Official immunity, as a corollary to sovereign immunity, is said to be available to high public officials when acting officially and within the scope of their authority. Kovach v. Toensmeier Adjustment Service, Inc., 14 Pa. Commonwealth Ct. 214, 321 A.2d 422 (1974); McCoy v. Commonwealth, 9 Pa. Commonwealth Ct. 107, 305 A.2d 746 (1973), aff'd per curiam, 457 Pa. 513, 326 A.2d 396 (1974). It has been sustained in some cases after proof of the ingredients at trial and has been successfully asserted in other cases when the opponent's pleading brings the sued official within the rule. We do not believe, however, that defendant's entitlement to the protection of official immunity based upon the averments of plaintiff's complaint in this case is necessarily controlling of the issue of our jurisdiction. Although the availability of official immunity to those who are acting officially and within the scope of their authority poses remarkedly close questions to that posed as to our jurisdiction over suits against officers of the Commonwealth acting in their official capacity, a distinction should and must be made to avoid the obvious result of not only preliminarily determining our jurisdiction, but also at the same time declaring that official immunity is an absolute defense available to defendant in plaintiff's cause of action.
We, therefore, reject defendant's first premise.
While it is axiomatic that the substance rather than the form of an action must be examined to determine if, in reality, it is one against an officer of the Commonwealth acting in his official capacity, we disagree with defendant that such is the essence of plaintiff's suit here. The gravamen of the first count of plaintiff's complaint for tortious interference with a business relationship avers defendant to have knowingly, willfully and maliciously induced an apprentice to leave plaintiff's employment and in doing so, falsely and fraudulently promising the apprentice
[ 21 Pa. Commw. Page 185]
that defendant's position as Chairman of the State Board of Funeral Directors would inure to the apprentice's advantage in qualifying for license. In allegedly so acting, defendant's action was not directed against the plaintiff.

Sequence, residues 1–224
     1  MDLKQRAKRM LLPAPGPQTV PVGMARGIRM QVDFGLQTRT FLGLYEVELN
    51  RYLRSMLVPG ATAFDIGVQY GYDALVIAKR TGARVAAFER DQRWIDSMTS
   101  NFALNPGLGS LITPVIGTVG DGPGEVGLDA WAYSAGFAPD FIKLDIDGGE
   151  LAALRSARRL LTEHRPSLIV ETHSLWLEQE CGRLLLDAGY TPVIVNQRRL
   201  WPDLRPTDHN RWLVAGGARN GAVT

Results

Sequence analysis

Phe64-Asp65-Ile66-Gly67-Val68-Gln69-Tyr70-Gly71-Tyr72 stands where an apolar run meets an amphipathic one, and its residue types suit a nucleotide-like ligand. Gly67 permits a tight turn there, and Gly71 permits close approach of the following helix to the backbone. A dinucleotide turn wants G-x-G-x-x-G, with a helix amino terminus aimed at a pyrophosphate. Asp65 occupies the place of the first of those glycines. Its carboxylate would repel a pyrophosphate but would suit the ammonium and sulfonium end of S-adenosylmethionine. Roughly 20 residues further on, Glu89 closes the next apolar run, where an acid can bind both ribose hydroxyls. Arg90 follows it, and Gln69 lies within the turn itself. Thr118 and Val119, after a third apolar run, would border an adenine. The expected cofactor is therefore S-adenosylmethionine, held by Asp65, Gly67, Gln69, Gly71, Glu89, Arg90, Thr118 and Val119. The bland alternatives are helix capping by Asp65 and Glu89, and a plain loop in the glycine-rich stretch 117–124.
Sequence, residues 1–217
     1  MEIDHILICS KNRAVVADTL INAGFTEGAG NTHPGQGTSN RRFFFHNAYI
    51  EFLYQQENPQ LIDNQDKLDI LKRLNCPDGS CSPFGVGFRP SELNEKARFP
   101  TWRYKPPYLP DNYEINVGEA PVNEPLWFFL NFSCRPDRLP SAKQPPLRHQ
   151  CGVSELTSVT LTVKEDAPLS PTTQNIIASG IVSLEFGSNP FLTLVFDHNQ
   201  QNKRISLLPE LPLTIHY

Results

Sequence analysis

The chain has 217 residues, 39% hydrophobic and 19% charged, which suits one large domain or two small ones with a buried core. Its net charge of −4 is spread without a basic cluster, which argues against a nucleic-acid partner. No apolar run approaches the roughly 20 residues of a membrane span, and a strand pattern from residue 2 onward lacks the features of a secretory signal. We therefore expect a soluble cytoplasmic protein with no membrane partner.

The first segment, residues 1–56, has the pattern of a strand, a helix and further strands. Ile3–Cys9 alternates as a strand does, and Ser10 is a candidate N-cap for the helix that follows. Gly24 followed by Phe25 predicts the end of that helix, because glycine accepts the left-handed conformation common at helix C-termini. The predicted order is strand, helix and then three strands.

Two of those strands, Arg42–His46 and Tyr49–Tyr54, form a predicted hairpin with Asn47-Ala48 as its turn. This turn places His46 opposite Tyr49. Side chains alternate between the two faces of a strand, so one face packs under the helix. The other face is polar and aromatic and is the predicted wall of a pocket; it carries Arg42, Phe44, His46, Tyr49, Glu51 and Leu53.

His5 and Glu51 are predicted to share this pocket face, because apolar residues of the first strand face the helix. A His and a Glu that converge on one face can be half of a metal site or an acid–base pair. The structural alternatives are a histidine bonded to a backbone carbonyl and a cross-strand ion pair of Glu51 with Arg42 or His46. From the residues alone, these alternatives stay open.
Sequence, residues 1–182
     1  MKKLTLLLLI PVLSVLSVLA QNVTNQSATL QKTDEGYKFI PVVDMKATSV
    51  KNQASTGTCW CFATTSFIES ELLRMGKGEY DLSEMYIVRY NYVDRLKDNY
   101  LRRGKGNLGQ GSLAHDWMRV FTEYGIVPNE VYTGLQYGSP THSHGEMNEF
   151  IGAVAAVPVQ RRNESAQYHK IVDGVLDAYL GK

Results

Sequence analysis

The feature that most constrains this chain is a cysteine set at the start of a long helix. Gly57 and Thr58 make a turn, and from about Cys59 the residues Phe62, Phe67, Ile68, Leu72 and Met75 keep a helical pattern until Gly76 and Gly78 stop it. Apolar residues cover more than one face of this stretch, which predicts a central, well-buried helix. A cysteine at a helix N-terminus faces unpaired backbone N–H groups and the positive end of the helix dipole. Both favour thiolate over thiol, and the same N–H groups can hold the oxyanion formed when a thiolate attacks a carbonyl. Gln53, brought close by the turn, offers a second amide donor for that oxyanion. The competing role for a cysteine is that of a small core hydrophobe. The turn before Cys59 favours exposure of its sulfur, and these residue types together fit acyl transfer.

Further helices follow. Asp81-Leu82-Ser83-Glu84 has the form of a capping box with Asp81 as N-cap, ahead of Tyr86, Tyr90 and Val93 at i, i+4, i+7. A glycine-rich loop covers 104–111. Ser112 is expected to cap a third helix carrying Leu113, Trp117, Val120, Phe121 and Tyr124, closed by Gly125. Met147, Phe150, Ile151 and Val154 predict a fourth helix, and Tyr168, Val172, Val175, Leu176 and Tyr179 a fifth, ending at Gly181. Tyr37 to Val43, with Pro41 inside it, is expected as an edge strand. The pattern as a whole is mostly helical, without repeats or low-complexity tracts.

The critical second count of plaintiff's complaint avers that defendant misused and abused his public office in an effort to compel plaintiff to certify the apprentice's prior experience with plaintiff as having been satisfactory. To this end, plaintiff says defendant caused plaintiff to be summoned twice before the State Board and to be threatened with a formal citation for failure to appear, which jeopardized his professional reputation, standing and licensure status, to his professional embarrassment before the State Board and with his peers. Conspicuously absent are any averments that defendant in so acting did so under the authority of his office.
Considering that plaintiff identifies and sues defendant as an individual engaged in the funeral director business and not as Chairman of the State Board, that the essential nature of the cause of action is one for tortious interference with a business relationship, and the absence of any averment or inference that the complained of acts and actions of the defendant were taken or performed in his official capacity, we can only conclude that the cause asserted is not one against a State officer acting in his official capacity.
Accordingly, we enter the following
Now, September 5, 1975, as prescribed by section 503(b) of the Appellate Court Jurisdiction Act of 1970, 17 P.S. § 211.503(b), this case is retransferred to the Court of Common Pleas of Beaver County.
The Chief Clerk is hereby directed to retransfer the record to the Prothonotary of said Court together with a certified copy of the docket entries of the proceedings in this Court and of this opinion and Order.
Case retransferred to the Court of Common Pleas of Beaver County.